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Wrong Question=Wrong Answer

I know in school they tell you that there is no such thing as a bad question.  In part, that's true because its always better to ask questions than to not ask questions.  Asking questions is a very important tool for continuing to learn, to understand others, to improve and sharpen your game.

However, there is such a thing as asking the wrong question.  And unfortunately, asking the wrong question will lead to the wrong answer.  Let's say I am experiencing a great deal of job dissatisfaction.  It'd be tempting to ask myself, "Should I quit or should I stay with this job?"  When, really, the better question might be, what specifically is not working for me about this job and what can I do about that? When all of the possible solutions have been explored and implemented and there is still  job dissatisfaction, then it might be time to ask whether its time to quit.  But jumping to that conclusion without first doing the work of exploring the right questions perhaps could lead in the wrong direction.

I know for myself that at times I have needed help from others to even know what the right questions to ask really are.  I think identifying the best questions to ask in any given situation, happens best in community.  One of the downfalls of our individualistic society is that we tend to go it alone when making decisions, or we invite people in to help us discern but the questions that are posed by us in the first place aren't even the right questions because we developed the set of questions on our own. We say, "Help me know whether I should (fill in the blank) or if I should (fill in the blank)" when there may be a different set of questions that would be more helpful.  Backing up a step, and saying, "Together, let's figure out what are the questions that need to be asked in this situation" is more likely to lead towards a path with more optimal, growth producing outcomes.

Download from God

Before the days of  Facebook and social networking, it was easier (relatively speaking) for me to get up in the morning and have some quiet and alone time to read, think, pray, and journal.  Now, because I  use my computer or iPad for much of my journaling and even reading, I've noticed how easy it is to check my e-mail inbox and Facebook status first thing;  why not, my computer is on anyways?!  This in itself wouldn't be all that bad I suppose, except that at times I've become so caught up in it all that I use up the time I had on that.

I noticed this past winter that it was becoming a daily trend.  In analyzing what was happening,  I came to see that what I was looking for was something first thing in the morning to give me a sense of meaning, purpose, something interesting to engage my heart and mind, to make the winter day seem like not just another ordinary day.  Of course, not once did I ever find something that could truly fill the need.  When I really thought about it, I didn't know what, really, I thought I would find.  Because the truth is, what I was looking for can only come from One Source.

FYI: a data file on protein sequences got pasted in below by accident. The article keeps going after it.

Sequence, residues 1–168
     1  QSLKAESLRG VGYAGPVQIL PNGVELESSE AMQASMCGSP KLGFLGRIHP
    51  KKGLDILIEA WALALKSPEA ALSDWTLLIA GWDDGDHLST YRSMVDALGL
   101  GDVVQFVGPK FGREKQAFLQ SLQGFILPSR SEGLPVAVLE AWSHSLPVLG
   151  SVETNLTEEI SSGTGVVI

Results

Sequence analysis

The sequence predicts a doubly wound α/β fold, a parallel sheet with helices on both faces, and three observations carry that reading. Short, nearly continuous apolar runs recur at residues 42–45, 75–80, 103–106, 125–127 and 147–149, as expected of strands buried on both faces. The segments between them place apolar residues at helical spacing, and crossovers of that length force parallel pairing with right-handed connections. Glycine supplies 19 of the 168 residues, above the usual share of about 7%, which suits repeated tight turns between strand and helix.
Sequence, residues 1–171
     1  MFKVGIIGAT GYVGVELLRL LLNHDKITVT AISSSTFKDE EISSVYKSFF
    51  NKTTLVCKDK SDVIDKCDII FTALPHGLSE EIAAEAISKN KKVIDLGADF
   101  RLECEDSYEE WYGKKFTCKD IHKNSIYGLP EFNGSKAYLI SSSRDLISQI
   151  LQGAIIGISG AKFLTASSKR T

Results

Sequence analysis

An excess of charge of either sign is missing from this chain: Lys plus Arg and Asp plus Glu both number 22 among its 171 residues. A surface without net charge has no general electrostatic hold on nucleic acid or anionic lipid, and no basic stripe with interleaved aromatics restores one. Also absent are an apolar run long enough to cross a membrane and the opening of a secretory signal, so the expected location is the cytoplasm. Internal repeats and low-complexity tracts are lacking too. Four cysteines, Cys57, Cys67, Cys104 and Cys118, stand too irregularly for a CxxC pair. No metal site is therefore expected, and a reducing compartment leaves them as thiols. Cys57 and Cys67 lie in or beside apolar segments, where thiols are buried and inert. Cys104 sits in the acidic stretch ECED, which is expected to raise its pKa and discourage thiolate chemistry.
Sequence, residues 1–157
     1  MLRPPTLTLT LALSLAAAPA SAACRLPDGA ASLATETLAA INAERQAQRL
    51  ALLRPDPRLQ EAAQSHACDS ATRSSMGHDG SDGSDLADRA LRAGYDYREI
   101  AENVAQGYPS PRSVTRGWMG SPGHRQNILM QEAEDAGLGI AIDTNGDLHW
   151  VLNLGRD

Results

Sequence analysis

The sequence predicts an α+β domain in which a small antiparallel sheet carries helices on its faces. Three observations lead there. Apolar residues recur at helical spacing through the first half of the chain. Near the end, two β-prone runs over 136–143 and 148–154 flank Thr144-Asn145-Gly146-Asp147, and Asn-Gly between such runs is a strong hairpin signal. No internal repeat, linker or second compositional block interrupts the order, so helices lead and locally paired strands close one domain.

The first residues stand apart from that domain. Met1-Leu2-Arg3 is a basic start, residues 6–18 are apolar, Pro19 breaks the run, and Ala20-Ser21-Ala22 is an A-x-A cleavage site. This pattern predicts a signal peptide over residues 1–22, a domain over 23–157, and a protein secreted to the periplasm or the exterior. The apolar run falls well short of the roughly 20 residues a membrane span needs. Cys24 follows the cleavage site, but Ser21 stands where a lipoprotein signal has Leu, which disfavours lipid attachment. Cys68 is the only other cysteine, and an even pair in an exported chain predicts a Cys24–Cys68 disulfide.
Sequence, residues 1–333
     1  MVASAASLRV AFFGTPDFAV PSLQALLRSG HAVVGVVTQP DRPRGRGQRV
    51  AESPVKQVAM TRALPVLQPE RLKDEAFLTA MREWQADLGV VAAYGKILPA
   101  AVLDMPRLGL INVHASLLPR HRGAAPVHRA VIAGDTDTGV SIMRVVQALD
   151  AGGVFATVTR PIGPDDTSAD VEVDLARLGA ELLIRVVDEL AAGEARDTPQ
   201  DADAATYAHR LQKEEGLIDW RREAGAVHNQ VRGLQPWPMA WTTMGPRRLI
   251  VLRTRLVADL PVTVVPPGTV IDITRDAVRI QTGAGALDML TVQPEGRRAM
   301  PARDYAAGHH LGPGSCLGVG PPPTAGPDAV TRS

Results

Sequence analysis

To stay true to who God has made me to be, with the unique imprint of the creator on my life, why would I compromise that by getting "fed" from other sources than the one who created me?  As they say, "you are what you eat"... if I feed my spirit with sources other than the source of LIFE itself, what do I become other than something less than what I could be. My sense of purpose and where I belong in God's story will be reduced to the story found in whatever Facebook posts I happen to read that day!

So my renewed heart and prayer has been to receive a fresh download from God every day.  Something from the Source of Life, from God's own heart that reminds me of and connects me to this greater story we find ourselves in.  When I take the time to seek that, it seems that God is ready to give me the download. That is where ultimately I find the meaning and purpose that I am looking for and need for my life.

"Only insofar as you eat and drink flesh and blood, the flesh and blood of the Son of Man, do you have life within you."  John 6:53

I know, this all sounds so basic.  I love the way, though,  The Message version of the Bible quotes Paul, "To be mature is to be basic.  Christ!  No more, no less!" (Col 1:26).  Maybe basic isn't so bad afterall.

Out of the Ashes

I've been writing  lately about the more positive side of having hopes and dreams.  You know, like we all have dreams, dreams do come true, go after your dreams, your dreams matter.  While all that is true, there is another side to dreams; the all too real and too frequent side of dreams that we each experience at some point in our lives.  The fact is,  probably for every dream that is realized, its likely that there are even more that die.  

We've all experienced the death of a dream(s) in one way or the other.  Hopes we had for accomplishing something, seeing something come to be, or becoming something ourselves. Maybe its a marriage that didn't work out, a business that failed, a vision that was never fulfilled, children that were never born to us or a child that was taken from the earth before our hopes and dreams for that child were realized.  This is the hard, cold reality of the world  we find ourselves in.

I would guess that Jesus's disciples felt as though all of their hopes and dreams were slipping through their fingers as they watched Jesus slowly dying on the cross.  Everything that they had thought was going to happen through Jesus's life was suddenly being lost before their eyes through his death.  It had to be the ultimate let down.  I'm sure the hours following Jesus's death had to be some of the darkest hours in the life of Jesus's friends and followers. Everything that they cared about, this person they trusted, the dream they had for living the Jesus way, was gone.  Or so it seemed. You probably know the rest of the story.